diaphragm, the pleural effusion had disappeared. The
right hilum seemed to be enlarged. In comparison to the
first chest radiograph this radiograph was better inspired.
Retrospectively it is possible to interpret the partial
relaxation of the left hemidiaphragm (fig. 1) as being the
upper border of the tumour.
Computed tomography
The CT scan (fig. 3) showed a 364 cm homogenous
solid subpleural mass in the lower dorsal region of the left
hemithorax exhibiting the density of soft tissue. There
was no sign of invasion into the chest wall or of rib
destruction. There were no calcifications or enlarged
lymph nodes. The right hilum was interpreted as normal.
the tunica vaginalis of the testis [4]. There is a slightly
higher incidence in females than in males, with an equal
distribution between the right and left hemithorax [5].
The tumour is more often related to the visceral than
parietal pleura [1]. Association with exposure to asbestos
has never been observed [1, 4, 6±8].
Usually there are no symptoms [4, 9] but when present
these are highly variable and unspecific. They can include:
cough, chest pain, dyspnoea, haemoptysis, pulmonary
osteoarthropathy, fever, chills, night sweats, weakness,
weight loss, pleural effusion and obstruction of the superior caval vein. Electrocardiography abnormalities and
symptomatic hypoglycaemia have been reported [1, 5, 6,
9±11]. Symptoms are generally not related to tumour size
[1, 4]. Preoperative differentiation between the benign
and malignant types is extremely difficult. CT-scan, angiography, bronchoscopy and needle biopsy may be useful, but for a definitive diagnosis thoracoscopy and tissue
examination are necessary [1, 8, 11, 12].
The treatment of choice is complete surgical resection
[1, 8, 10±12]. Clinical reports indicate a good prognosis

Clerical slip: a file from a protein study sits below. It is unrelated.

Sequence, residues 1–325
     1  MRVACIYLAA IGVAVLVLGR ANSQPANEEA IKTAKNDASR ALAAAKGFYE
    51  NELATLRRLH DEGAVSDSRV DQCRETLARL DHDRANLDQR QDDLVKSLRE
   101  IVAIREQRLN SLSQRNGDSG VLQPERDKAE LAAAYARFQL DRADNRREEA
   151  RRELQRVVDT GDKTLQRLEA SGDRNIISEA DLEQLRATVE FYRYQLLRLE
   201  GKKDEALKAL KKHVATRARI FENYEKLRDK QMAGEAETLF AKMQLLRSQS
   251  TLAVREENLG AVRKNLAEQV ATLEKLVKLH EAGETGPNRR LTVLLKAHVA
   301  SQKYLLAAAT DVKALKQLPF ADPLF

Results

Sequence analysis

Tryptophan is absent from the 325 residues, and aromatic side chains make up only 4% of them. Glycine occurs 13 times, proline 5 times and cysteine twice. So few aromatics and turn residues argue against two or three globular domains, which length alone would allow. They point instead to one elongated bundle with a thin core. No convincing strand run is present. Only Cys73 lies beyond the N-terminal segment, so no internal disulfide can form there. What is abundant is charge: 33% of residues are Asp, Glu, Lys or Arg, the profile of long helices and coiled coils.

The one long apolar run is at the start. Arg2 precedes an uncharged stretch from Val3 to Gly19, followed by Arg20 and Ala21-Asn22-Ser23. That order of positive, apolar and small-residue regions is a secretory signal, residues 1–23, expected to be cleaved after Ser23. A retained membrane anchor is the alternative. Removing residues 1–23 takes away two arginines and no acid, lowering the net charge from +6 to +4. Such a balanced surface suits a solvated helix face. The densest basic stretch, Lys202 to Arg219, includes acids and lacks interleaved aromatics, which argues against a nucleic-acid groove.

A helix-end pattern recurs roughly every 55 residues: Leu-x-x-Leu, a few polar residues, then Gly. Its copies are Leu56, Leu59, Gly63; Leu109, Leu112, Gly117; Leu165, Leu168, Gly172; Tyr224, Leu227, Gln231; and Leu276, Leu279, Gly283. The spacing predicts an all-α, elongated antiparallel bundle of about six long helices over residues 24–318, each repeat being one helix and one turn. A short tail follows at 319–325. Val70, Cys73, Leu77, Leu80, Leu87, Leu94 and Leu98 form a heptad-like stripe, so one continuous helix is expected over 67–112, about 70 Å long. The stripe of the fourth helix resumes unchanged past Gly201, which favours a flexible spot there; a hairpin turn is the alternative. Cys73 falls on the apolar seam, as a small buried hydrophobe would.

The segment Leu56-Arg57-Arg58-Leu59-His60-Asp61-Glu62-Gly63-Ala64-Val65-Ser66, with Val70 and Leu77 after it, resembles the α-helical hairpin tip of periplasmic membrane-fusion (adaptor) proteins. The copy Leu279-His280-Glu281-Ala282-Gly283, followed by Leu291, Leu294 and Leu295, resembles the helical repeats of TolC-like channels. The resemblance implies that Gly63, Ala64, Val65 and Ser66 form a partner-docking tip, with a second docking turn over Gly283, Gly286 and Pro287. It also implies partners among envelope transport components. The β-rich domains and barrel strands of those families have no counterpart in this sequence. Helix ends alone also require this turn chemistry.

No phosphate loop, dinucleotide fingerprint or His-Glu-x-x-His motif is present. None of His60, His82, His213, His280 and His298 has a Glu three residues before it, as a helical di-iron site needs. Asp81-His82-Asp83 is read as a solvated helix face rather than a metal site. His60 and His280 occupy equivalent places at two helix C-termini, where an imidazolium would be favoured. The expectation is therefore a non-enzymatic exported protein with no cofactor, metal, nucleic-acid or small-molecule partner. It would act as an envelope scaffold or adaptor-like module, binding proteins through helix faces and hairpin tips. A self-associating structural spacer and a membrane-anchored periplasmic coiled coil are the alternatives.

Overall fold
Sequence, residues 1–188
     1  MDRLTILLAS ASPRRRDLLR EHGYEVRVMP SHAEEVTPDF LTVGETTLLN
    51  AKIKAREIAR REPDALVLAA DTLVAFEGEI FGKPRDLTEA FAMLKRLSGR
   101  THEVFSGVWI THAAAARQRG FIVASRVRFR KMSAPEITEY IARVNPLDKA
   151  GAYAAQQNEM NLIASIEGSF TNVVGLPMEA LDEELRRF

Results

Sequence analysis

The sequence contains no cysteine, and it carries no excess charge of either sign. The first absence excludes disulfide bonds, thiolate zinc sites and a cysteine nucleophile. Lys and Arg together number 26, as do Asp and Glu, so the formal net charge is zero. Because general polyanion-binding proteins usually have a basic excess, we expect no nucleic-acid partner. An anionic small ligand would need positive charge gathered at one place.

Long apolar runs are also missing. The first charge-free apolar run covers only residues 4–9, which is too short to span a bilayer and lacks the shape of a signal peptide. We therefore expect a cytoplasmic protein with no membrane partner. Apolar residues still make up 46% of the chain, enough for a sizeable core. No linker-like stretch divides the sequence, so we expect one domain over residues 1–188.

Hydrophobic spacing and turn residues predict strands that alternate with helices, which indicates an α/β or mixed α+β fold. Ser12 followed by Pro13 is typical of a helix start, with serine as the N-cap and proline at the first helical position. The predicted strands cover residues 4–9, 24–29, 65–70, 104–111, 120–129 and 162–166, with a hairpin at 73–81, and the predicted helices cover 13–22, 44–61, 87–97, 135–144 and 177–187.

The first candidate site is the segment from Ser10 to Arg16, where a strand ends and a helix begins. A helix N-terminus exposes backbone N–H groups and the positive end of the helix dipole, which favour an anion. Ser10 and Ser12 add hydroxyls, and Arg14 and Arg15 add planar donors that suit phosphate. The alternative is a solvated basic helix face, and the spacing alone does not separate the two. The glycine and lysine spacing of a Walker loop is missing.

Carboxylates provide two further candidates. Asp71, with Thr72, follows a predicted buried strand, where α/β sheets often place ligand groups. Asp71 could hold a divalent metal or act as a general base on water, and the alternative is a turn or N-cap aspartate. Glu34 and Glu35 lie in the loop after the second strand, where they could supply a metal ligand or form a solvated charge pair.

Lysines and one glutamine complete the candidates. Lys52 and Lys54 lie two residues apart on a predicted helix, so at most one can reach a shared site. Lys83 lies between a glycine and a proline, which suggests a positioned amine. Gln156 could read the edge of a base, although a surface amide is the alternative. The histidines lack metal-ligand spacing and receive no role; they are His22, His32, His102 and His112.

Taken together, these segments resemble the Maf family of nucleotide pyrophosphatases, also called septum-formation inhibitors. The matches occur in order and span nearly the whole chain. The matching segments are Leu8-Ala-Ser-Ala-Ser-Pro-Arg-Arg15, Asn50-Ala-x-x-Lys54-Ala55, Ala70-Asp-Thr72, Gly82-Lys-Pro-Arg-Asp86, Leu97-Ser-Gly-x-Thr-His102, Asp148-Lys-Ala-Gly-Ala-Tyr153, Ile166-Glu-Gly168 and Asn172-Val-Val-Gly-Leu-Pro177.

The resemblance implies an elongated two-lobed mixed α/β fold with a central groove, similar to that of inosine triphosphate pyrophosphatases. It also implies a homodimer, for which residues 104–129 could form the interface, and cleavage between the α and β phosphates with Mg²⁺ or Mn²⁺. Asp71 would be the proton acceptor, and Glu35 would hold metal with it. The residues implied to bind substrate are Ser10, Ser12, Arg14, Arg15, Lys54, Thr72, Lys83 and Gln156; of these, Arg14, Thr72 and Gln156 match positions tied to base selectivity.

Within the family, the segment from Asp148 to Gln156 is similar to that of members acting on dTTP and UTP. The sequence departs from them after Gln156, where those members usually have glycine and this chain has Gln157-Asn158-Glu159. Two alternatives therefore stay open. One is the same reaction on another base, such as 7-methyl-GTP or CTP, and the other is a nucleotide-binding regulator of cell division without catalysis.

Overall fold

after treatment. Surgical resection cures ~90% of these
patients, but recurrent disease occurs in the remaining
10% [5].
Keywords: Benign mesothelioma, benign tumour,
fibrous mesothelioma, localized mesothelioma, solitary fibrous tumour, subpleural mesothelioma
Macroscopic examination showed a round lesion 8 cm
in diameter with a whirled greyish-white parenchyma (fig.
4). Histology showed spindle shaped cells with long
nuclei, chromatin at the borders and small nucleoli. The
cytoplasm is granulated and showed a good developed
rough endoplasmic reticulum, a lot of mitochondria and a
few cytoplasmic filaments with locally dense-bodies. Long
microvilli and a central dense core rootlet were observed.
Intracellularly there was a lot of collagen (fig. 5). Histological examination revealed a solitary fibrous tumour
of the pleura (benign mesothelioma).
Diagnosis: "Solitary fibrous tumour of the pleura
(benign mesothelioma)"
Clinical course
The patient underwent thoracoscopic resection of the
tumour, which was completely resected, without any complications. The patient recovered uneventfully and did not
demonstrate any recurrent disease within 4 yrs follow-up.
Benign fibrous mesothelioma of the pleura is a rare
neoplasm [1]. The first reported primary pleura tumour
was in 1767 by Lietaud [2]. In 1870 Wagner provided the
first detailed microscopic description [2]. In 1931 Klemperer and Rabin differentiated pleural neoplasm in diffuse
and localized forms [3]. The benign mesothelioma is also
referred to as solitary fibrous tumour, fibrous mesothelioma, localized mesothelioma or subpleural fibroma.
Benign fibrous mesothelioma mainly involves the pleura
and the peritoneum and occasionally the pericardium or